Smaller agencies also see an opening in what some view as a scale-for-scale’s-sake battle between CAA and Endeavor. Verve, which has prided itself on its literary clients and has just under 50 agents, sees nimbleness as a virtue. “We believe in a world where one size doesn’t fit all,” says co-founder Bryan Besser.
Gersh, with just over 125 agents and the only privately owned firm, has strengths in talent, lit, as well as below the line, and now sees itself on the level of UTA as the only real alternatives for the consolidated companies. “We’re buoyed by this turn of events,” says co-president David Gersh. “It makes us a smart alternative.” He adds, “We don’t want to be distracted by all those other areas.”
And, meanwhile, will the Sam Gores-run Paradigm — which suffered through the pandemic as its motion picture literary division took a hit with agent exits to rival A3 Artists Agency and the selling of its music division to Casey Wasserman’s management firm — make a splashy buy with any new financing from his brother, billionaire Tom Gores?
Some stars are also in wait-and-see mode. “You’d like there to be a whole bunch of agencies in competition and for that to be spread out all over the place,” says Ben Affleck (repped by WME) when asked about the CAA-ICM plans. “But you also want there to be agencies really well equipped to represent and protect the people who do this work. Because if they’re not, they can be underserved.”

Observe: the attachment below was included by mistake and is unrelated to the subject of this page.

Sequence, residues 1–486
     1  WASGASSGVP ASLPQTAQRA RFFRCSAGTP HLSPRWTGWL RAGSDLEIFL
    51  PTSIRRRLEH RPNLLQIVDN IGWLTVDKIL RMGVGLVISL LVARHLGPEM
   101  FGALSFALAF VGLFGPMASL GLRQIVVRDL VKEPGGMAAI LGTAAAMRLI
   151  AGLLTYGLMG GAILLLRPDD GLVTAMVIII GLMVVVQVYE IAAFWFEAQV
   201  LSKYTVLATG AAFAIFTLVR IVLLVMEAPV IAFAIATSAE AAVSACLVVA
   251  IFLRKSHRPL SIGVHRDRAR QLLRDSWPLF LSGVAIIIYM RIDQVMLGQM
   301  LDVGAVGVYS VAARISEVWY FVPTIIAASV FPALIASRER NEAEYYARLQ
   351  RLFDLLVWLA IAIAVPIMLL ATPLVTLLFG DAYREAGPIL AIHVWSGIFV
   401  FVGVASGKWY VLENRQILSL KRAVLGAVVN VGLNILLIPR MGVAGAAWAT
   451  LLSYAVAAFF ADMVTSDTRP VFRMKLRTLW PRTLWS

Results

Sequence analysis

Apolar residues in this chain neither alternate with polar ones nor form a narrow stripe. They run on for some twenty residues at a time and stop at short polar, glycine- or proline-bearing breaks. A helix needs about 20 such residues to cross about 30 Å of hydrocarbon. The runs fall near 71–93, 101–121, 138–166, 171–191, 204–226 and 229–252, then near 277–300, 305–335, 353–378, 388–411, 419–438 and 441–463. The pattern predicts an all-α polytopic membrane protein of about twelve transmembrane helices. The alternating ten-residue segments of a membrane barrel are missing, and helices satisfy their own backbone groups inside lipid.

Grant Heslov, the actor turned Oscar-winning producer, says that even as the dust had yet to settle, the CAA-ICM merger “opens up the opportunity for some of the smaller boutique agencies to really shine, because there is no one fit place for everybody. I started as an actor and I had an agent who had a one-room shop on Ventura Boulevard — my first agent. And as you work your way up, you sort of find your way. So I don’t think it’s a bad thing.”
The management side of the representation landscape has also undergone shifts as more established firms such as Brillstein Entertainment and Management 360, have been joined by new and well-armed upstarts, such as M88 and Range Media. The latter was founded by former key CAA, WME and UTA agents last year. And questions abound about whether more managers will put a strain on an already overstuffed representation environment. “Managers are on guard,” says one founding partner at a management firm, “You can bet we’re all double-calling our clients right now.”
Chris Gardner contributed reporting.
A version of this story first appeared in the Oct. 6 issue of The Hollywood Reporter magazine. Click here to subscribe.